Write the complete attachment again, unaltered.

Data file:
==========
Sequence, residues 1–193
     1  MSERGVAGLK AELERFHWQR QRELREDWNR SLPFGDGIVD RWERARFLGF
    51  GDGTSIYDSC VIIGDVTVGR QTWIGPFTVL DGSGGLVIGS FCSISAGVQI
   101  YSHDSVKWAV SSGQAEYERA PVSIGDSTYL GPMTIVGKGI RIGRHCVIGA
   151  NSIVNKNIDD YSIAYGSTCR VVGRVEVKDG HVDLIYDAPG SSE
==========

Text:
Sequence, residues 1–193
     1  MSERGVAGLK AELERFHWQR QRELREDWNR SLPFGDGIVD RWERARFLGF
    51  GDGTSIYDSC VIIGDVTVGR QTWIGPFTVL DGSGGLVIGS FCSISAGVQI
   101  YSHDSVKWAV SSGQAEYERA PVSIGDSTYL GPMTIVGKGI RIGRHCVIGA
   151  NSIVNKNIDD YSIAYGSTCR VVGRVEVKDG HVDLIYDAPG SSE